If a rider wanted to pull when a horse became strong, he suggested taking the head to the outside and moving the bit but keeping the hands down, with elbows pinned against the body and using seat muscles and leg to hold the horse.

Moving out to the water complexes on the cross country course, riders were briefed on where their preparation phase should begin, when they should slip the reins, where their eyes should look and when to get to the back of the saddle. As on the first day, all horses and riders became smoother, better balanced and more effective with Chris's instructions. He stressed that extra strides taken in turns add seconds and that leaving a jump in the same rhythm is important in saving time. His insistence on sitting still over the top of the fence prevented the rider from wasting time recovering his or her position after the fence, and riding with a longer rein clearly kept the riders from being pulled forward on landing.

Demo rider Lauren Billys said that Chris changed her position dramatically and as a result, she felt much more stable as well as effective. Matt Brown noted the methodical and clear system of the use of aids. While he found that much of what Chris teaches is familiar, the demands for attention to detail and accuracy of the aids is greater than from other instructors. Matt felt that the biggest change from previous instruction was the lengthening of the reins and staying further back, but he did say that he felt better in that position.

For many other attendees, jumping across the saddle and weighting the inside stirrup to turn was different, and there is sure to be some healthy conversation and experimentation at home in the coming weeks.

When Chris was asked what he sees as the fundamental difference between the American riders and the Germans, he was too polite to answer but admitted that until this symposium, he had really not paid attention to any riders but his own. He said that when he is coaching his team, he only focuses on how they are doing and on producing the best result possible. But he did say, with a big smile and not too apologetically, "We won and you lost!" Clearly, his system works, and it was extremely generous of him to come to the States to share it with us.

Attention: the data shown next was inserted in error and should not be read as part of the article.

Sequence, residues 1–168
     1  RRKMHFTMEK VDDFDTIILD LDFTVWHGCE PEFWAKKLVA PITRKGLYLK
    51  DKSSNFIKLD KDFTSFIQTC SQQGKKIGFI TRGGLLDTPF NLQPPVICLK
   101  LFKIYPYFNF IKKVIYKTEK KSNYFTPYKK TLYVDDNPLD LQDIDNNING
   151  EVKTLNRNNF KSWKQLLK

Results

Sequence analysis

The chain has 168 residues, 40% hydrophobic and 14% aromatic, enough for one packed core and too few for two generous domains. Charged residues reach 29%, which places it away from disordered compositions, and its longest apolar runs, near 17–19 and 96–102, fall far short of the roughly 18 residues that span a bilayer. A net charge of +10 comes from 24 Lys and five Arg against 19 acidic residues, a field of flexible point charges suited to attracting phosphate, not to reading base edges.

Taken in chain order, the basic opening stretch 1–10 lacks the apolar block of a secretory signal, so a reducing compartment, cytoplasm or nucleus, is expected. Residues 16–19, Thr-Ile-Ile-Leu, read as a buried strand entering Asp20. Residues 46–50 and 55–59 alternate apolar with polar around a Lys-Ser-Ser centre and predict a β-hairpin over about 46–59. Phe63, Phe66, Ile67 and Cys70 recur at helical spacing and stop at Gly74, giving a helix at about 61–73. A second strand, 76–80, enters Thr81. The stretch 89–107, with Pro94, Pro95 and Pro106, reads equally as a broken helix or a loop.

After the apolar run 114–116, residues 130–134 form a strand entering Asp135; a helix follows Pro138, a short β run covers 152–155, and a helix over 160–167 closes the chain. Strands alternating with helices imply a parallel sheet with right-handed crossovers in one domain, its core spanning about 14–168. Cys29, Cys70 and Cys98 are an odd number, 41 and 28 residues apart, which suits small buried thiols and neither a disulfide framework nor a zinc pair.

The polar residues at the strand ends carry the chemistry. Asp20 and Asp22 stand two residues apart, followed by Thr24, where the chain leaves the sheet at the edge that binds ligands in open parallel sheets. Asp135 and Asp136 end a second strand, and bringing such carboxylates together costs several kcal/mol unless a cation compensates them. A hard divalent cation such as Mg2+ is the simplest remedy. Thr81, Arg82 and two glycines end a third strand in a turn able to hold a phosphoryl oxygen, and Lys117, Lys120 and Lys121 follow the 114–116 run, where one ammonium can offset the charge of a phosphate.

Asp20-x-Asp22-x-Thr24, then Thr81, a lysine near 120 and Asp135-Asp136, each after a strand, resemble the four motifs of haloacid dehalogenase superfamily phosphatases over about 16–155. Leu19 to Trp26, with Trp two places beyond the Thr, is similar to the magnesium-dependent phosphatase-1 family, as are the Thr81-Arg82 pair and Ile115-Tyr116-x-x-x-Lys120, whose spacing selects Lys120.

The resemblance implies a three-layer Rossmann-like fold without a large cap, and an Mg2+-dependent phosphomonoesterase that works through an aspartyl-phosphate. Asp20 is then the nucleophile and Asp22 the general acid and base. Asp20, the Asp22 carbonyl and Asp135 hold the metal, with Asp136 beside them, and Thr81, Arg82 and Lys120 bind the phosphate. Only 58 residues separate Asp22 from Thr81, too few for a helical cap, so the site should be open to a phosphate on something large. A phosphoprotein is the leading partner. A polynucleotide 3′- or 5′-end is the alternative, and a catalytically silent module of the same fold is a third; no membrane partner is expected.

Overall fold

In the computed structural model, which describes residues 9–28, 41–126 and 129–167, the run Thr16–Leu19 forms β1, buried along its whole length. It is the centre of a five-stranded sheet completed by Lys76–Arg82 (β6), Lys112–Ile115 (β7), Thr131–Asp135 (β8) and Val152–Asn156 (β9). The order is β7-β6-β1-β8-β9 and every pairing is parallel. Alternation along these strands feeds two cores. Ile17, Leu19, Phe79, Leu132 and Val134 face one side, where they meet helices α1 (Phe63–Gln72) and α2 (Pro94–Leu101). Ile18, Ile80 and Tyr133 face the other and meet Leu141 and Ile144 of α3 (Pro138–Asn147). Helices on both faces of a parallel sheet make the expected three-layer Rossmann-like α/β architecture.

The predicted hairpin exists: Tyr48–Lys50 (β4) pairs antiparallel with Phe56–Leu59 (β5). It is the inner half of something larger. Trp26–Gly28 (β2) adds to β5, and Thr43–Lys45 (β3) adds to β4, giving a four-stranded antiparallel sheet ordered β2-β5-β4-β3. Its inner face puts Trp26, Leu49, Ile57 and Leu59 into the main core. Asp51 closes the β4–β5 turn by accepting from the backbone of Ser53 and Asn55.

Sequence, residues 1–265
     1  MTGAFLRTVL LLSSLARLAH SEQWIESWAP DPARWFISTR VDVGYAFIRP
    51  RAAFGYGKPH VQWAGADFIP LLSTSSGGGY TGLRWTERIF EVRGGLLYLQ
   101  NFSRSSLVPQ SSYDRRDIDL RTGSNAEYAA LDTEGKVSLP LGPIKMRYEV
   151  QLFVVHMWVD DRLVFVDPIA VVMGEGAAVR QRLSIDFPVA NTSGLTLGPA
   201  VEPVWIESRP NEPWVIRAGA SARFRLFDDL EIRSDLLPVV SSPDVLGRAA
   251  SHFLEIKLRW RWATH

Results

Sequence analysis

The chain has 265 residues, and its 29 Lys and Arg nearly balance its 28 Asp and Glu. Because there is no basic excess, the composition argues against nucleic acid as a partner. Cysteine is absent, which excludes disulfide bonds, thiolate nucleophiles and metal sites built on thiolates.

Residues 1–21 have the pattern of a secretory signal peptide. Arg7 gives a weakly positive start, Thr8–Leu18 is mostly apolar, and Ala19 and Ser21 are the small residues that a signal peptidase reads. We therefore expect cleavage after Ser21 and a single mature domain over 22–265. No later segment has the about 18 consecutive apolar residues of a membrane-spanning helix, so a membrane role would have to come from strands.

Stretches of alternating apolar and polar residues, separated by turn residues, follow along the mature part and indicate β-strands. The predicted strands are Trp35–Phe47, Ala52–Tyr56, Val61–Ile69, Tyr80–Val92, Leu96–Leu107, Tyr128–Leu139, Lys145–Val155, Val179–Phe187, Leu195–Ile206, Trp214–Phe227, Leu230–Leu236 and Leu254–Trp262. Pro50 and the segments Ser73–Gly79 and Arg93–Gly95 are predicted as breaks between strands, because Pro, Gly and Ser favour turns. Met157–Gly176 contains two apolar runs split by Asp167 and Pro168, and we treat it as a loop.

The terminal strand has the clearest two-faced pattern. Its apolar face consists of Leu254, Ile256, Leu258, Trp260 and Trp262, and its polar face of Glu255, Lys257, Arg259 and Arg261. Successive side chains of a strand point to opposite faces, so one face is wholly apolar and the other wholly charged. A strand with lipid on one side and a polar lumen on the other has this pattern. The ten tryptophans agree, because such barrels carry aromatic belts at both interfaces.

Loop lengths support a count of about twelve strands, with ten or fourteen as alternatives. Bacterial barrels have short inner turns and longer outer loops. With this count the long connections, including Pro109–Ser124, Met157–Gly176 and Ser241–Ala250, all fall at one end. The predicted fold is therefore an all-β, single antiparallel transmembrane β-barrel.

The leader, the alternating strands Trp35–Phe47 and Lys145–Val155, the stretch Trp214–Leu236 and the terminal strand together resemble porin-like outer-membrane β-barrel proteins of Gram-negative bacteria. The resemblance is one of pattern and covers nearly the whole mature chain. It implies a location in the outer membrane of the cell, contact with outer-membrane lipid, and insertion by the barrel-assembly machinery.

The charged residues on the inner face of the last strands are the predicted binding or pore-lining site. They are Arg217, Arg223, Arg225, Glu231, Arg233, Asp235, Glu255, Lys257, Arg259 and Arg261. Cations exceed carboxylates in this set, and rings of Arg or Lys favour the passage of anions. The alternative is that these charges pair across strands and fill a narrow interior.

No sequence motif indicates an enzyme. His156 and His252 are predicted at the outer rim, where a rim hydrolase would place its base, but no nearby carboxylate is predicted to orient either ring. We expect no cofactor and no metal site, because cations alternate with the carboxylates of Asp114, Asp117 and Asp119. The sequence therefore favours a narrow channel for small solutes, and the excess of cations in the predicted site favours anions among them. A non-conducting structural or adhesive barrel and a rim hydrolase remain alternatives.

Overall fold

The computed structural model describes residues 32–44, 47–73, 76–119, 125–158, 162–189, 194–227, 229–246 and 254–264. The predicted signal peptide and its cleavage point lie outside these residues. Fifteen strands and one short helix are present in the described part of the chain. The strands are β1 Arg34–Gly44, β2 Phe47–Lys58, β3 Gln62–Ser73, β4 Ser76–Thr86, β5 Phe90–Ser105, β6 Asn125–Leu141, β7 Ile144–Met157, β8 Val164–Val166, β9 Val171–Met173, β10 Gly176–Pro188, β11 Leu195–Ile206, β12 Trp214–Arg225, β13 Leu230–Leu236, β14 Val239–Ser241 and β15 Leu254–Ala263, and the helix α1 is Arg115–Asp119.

Thank you to all of the demonstration riders, who were well turned out, receptive, and able to make the changes in their riding that Chris directed. Without exception, all of the horses showed positive changes in their performance and the riders became more quiet, effective and efficient in their style. Many thanks also to Robert Kellerhouse and all the workers at Galway Downs for making the venue the perfect setting for the Symposium and to Wendy Wergeles and her crew for making it happen. And thanks to Jo Whitehouse for posting on social media the quips and quotes from Chris as they happened. There were many sponsors behind the Symposium and their contribution is deeply appreciated by all of the attendees as well as riders. Without them, this great learning opportunity couldn't have taken place.

Special thanks to Chris for his articulate, positive, calm, and amusing delivery in sharing his most successful system for coaching our great sport of Eventing.

To hear more on the riders' experiences with Chris, listen to the east coast and west coast recap podcasts. Video clips from the clinics are forthcoming.